In the Judeo-Christian tradition's Ten Commandments - "Thou shall not kill" is generally taken with multiple exceptions. For example, it is all right to kill in battle for protection, or to eat or sacrifice animals (in the Old Testament, God required animal sacrifices). By contrast, no kind of killing of animals or people is ever allowed in Buddhism - these are the indisputable guidelines. However, there are various levels of "severity" that these tenets hold in various times, places, and sects. For instance, in the early Indian Vinaya (Monastic Code), since the monks were homeless wanderers, it was common practice to beg for food (this tradition is still practiced similarly in Theravada (or Hinayana) countries in SouthEast Asia). The monks "were expected to eat everything that was put in their begging bowl without discrimination, including meat or rotten food". (4) The Vinaya was so strict that monks had to watch out for any tiny organisms in their drinks or where they walked. Since the monks' food was obtained by begging, they were to have no knowledge of the food's source beforehand. If they received meat,
the monk had to be convinced that the meat was not specifically prepared for him. The criteria were that the monk had not seen, not heard, or did not have a suspicion that the meat had been prepared specifically for the monks. (4)
It was the monk's conscious effort to obtain vegetarian food that "counted".
In the early centuries of the common era, Mahayana school Buddhism made its way into China (and eventually other Mahayana countries, Korea and Japan). Here, monasteries developed with land for monks to cultivate their own food, more or less guaranteeing its vegetarian nature that is not always possible through begging. This made it possible for the monks to follow a more strict vegetarian diet, and even develop a cuisine style (jai in China, shojin ryori in Japan). It is a Mahayana goal to help all other beings achieve enlightenment. So it is due to the newer Mahayana traditions that the stricter vegetarian diets came, and eventually made its way into the culture of modern Buddhist lay persons. From the Fan-wang-jing text:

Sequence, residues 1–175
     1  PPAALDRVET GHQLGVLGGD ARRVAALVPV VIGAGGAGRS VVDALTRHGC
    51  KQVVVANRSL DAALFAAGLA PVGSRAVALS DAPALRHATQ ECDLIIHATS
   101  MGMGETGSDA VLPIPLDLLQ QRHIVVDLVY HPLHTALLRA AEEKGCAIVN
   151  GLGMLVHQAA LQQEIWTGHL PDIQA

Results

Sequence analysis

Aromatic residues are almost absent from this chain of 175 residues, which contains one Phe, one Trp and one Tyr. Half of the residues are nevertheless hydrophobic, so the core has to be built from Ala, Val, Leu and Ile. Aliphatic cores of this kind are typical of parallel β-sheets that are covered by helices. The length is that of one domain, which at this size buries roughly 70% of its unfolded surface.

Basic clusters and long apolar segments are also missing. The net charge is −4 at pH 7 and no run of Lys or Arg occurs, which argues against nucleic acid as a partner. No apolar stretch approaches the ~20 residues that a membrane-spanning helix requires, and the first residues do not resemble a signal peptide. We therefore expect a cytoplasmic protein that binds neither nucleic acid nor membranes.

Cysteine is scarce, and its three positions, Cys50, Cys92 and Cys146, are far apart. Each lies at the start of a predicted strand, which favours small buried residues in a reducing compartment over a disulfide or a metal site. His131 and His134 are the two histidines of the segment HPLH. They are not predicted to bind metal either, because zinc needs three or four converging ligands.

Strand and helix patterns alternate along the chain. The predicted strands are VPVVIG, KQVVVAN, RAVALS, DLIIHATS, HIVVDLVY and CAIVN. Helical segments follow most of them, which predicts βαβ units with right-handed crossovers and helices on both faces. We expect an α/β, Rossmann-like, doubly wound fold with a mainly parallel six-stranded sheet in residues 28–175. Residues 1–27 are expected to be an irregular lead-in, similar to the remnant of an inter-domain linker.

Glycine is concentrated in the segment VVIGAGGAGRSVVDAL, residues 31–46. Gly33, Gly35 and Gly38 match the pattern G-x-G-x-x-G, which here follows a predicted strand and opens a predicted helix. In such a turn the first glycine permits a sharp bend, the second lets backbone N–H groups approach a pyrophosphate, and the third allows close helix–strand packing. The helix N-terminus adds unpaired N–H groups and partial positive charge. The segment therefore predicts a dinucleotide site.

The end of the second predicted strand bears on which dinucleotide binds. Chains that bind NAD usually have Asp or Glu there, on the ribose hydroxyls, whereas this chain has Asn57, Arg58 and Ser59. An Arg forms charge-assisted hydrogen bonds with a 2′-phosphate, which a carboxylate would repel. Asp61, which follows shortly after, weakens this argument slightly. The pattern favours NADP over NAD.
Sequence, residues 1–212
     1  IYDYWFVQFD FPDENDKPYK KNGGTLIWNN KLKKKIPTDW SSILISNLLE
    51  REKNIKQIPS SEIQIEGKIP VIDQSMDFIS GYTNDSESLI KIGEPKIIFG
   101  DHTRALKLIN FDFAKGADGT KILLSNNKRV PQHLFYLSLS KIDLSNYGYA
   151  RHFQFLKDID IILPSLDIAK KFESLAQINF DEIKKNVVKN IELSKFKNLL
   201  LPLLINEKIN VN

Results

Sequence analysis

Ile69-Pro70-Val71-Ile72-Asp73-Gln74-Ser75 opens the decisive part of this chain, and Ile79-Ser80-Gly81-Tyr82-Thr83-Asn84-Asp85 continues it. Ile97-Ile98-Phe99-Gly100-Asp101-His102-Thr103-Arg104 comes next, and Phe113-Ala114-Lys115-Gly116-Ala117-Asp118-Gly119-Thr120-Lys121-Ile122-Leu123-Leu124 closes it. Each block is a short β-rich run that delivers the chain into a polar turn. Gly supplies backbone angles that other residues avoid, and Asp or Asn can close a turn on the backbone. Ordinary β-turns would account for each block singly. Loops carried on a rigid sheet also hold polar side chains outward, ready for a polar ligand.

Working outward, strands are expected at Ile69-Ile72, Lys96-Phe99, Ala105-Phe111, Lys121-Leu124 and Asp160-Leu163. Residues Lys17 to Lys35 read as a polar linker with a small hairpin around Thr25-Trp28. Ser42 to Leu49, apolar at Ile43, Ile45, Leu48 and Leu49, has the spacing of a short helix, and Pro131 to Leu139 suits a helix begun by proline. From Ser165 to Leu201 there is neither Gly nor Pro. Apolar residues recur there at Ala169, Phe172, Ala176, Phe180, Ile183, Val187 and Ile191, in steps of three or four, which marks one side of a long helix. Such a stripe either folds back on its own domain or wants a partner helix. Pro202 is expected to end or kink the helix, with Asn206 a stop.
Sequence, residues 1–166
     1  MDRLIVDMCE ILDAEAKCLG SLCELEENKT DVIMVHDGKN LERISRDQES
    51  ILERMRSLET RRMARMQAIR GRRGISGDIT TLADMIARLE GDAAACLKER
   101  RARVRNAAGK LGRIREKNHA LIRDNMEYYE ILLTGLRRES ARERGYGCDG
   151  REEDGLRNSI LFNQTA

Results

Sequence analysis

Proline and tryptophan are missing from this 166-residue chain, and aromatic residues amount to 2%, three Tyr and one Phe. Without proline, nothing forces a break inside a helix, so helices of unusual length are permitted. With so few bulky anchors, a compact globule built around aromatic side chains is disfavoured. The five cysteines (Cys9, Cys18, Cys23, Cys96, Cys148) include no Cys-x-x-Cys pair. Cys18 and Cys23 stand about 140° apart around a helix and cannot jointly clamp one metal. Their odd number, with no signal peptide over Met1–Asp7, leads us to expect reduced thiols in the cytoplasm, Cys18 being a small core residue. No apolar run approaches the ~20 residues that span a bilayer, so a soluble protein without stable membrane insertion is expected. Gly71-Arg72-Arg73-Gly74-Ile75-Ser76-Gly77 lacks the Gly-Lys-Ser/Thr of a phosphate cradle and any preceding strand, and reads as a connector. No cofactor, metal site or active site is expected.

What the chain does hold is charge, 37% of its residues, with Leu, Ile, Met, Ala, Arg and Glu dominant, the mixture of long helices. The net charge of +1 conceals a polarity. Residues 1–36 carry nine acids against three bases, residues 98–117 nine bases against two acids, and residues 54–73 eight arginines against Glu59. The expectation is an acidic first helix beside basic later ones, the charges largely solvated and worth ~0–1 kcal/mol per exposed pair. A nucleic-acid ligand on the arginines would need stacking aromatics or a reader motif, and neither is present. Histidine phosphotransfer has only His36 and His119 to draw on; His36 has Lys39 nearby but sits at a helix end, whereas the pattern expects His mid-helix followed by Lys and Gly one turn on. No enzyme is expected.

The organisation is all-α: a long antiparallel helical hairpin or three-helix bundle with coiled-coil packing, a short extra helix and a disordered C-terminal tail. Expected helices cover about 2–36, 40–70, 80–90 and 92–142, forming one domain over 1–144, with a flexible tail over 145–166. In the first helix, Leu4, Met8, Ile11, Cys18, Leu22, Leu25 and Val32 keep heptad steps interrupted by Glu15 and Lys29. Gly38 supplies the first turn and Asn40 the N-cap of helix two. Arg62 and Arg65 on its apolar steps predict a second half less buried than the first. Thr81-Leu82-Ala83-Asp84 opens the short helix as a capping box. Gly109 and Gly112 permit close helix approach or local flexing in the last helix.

A son of the Buddha shall not eat the flesh of any sentient beings. If he eats their flesh, he shall cut off great compassion, as well as the seed of Buddhahood within him. (4)
So we see that the vegetarian diet is followed in both major Buddhist traditions (Theravada and Mahayana), but that slightly different measures are taken to achieve this.
Vegetarianism, "a natural and logical ramification of the moral precept against the taking of life" (5) is a diet that includes no animal meat. In modern terms, we might use the word "vegan" to describe the strict Mahayana diet. The term "vegan" refers to one that does not eat any animals, but also any animal products or derivatives, including milk, cheese, honey; or using animal furs, leathers, skins, etc. The Buddha recommended that pure Bodhisattvas follow this ideal:
[they] who do not wear silk, leather boots, furs, or down ...and who do not consume milk, cream, or butter, can truly transcend this world. Both physically and mentally one must avoid the bodies and the by-products of beings, by neither wearing them or eating them. I say that such people have true liberation. (6)
The Buddhist term ahimsa is now being adopted by many secular vegans. Ahimsa refers to the compassionate, non-violent treatment of animals and all sentient beings. Not only does the practice of ahimsa keep the Buddhist on the right path, it also enforces a "better life and better health". (7)
Killing or eating meat breaks several rules at one time. One who does harms other sentient beings and restricts their path/chance to gain enlightenment/nirvana. One also hurts one's self since all beings are a part of one whole. One also spreads the bad killing karma, which will later cause one suffering, or propagate more killing. One also enforces the suffering caused by the cycle of death and rebirth.
All sentient beings desire to live. All animals try to escape when being killed for food;
Like a fish which is thrown on dry land, taken from his home in the waters, the mind strives and struggles to get free from the power of Death. (8)
When one kills an animal, either directly or indirectly by requesting the meat, s/he is taking the life of a living being (or beings). So to the Buddhist, a butcher is the worst trade. However, as a consumer, purposefully buying or consuming animals is a part of the killing process. By creating demand, it is the same as killing the sentient beings yourself. Doing so goes against the "highest and most universal ideal of Buddhism, [to] work unceasingly for permanent end to the suffering of all living beings, not just humans". (9)
Eating meat causes two kinds of suffering: the immediate suffering for the animal that is being slaughtered, and the suffering caused by the cycle of death and rebirth. When a sentient being dies, it is forced to begin again the painful process of rebirth. The only way to stop this cycle is to reach full enlightenment. Since it is possible for animals to become enlightened, killing them deprives them of that chance.
The Western notion of the individual self (or shall we say "selfish individual") is distinctly "un"-Buddhist:
He who lives only for pleasures, and whose soul is not in harmony, who considers not the food he eats, is idle, and has not the power of virtue - such a man is moved by MARA (evil one), is moved by selfish temptations, even as a weak tree is shaken by the wind. (10)